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Benioff’s Moves, Goldman Questions & a Disney Activist Post-Mortem

Goldman C.E.O. David Solomon responded to pointed questions about the firm decade-long, unprofitiable foray into consumer banking at last week’s investor conference.
At last week’s investor conference, Goldman C.E.O. David Solomon responded to pointed questions about the firm’s decade-long, unprofitable foray into consumer banking. Photo: Michael Kovac/Getty Images
William D. Cohan
March 5, 2023

Running Goldman Sachs is not an easy job, especially these days. As C.E.O. David Solomon noted repeatedly during last week’s investor conference the last three years have been anything but normal—the global bank is still dealing with the after-effects of a global pandemic, a complicated new interest rate environment, the reality of a wildly profitable 2021 followed by a far more challenging 2022, and the continued leaks about the unrest at the firm, especially among a subset of seemingly miffed partners.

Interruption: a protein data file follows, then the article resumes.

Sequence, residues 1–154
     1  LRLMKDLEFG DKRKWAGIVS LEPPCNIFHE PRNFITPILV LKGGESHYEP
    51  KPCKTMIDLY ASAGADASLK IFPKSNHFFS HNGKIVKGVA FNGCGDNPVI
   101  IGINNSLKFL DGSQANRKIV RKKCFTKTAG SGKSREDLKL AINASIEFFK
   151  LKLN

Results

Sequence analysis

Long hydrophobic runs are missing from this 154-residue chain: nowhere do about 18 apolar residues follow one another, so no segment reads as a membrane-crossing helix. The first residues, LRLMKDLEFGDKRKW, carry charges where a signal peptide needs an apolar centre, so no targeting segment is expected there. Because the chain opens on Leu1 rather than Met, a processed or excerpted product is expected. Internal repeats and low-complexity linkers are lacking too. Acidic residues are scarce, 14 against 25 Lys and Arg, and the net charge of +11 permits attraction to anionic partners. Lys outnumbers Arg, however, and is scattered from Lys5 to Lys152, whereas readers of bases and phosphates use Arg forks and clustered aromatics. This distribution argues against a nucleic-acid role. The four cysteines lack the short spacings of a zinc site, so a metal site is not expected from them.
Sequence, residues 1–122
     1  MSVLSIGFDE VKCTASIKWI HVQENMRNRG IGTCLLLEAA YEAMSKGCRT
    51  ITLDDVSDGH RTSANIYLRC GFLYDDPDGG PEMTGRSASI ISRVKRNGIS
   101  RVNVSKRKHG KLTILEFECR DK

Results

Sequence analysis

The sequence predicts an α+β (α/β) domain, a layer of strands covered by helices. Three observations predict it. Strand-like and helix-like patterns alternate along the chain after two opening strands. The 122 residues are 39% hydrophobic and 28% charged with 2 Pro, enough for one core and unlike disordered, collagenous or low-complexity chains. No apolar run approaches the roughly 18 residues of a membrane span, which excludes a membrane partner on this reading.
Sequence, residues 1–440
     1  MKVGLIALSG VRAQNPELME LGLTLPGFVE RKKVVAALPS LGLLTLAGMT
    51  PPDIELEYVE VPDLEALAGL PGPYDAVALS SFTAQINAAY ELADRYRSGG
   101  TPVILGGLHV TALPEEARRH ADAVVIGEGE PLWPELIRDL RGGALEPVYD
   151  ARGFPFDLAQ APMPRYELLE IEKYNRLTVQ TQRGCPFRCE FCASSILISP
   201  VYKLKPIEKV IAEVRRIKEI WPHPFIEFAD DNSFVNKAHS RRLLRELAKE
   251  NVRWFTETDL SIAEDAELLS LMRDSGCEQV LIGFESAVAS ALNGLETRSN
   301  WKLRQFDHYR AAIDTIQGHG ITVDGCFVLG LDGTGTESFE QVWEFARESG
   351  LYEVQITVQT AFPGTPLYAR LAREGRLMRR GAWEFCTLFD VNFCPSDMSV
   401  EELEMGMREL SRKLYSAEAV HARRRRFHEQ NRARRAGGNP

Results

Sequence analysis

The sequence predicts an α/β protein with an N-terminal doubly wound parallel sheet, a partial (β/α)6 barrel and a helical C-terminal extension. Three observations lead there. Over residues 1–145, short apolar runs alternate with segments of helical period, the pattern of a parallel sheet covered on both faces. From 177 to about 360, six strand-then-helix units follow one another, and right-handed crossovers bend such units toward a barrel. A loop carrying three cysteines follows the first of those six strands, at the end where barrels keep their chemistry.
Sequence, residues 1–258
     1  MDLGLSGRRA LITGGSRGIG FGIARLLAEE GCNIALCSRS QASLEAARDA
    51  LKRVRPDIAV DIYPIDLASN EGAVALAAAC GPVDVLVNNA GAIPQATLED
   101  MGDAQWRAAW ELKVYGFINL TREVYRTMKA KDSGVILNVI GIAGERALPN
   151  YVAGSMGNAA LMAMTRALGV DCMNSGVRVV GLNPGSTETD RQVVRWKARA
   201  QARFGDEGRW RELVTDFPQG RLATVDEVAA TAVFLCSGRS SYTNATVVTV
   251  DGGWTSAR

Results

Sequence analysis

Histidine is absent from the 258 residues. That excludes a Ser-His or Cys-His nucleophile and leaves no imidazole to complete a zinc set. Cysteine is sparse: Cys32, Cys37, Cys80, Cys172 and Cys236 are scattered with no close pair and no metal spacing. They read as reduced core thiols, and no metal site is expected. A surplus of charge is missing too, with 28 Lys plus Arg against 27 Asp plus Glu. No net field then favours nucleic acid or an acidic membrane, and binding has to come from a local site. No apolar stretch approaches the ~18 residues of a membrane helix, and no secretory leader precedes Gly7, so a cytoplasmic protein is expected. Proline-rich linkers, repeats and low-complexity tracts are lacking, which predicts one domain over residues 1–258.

That tension was very much on display during the afternoon question-and-answer period, when the Wells Fargo research analyst Mike Mayo got under Solomon’s skin a bit. Mayo’s beef, it seemed, was that Solomon ostensibly avoided answering a question that many yearned to know about: When would Goldman jettison its nearly decade-long, unprofitable effort to delve into consumer banking, with Marcus and with its Apple and GM credit-card affiliations, as well as its cash-management businesses?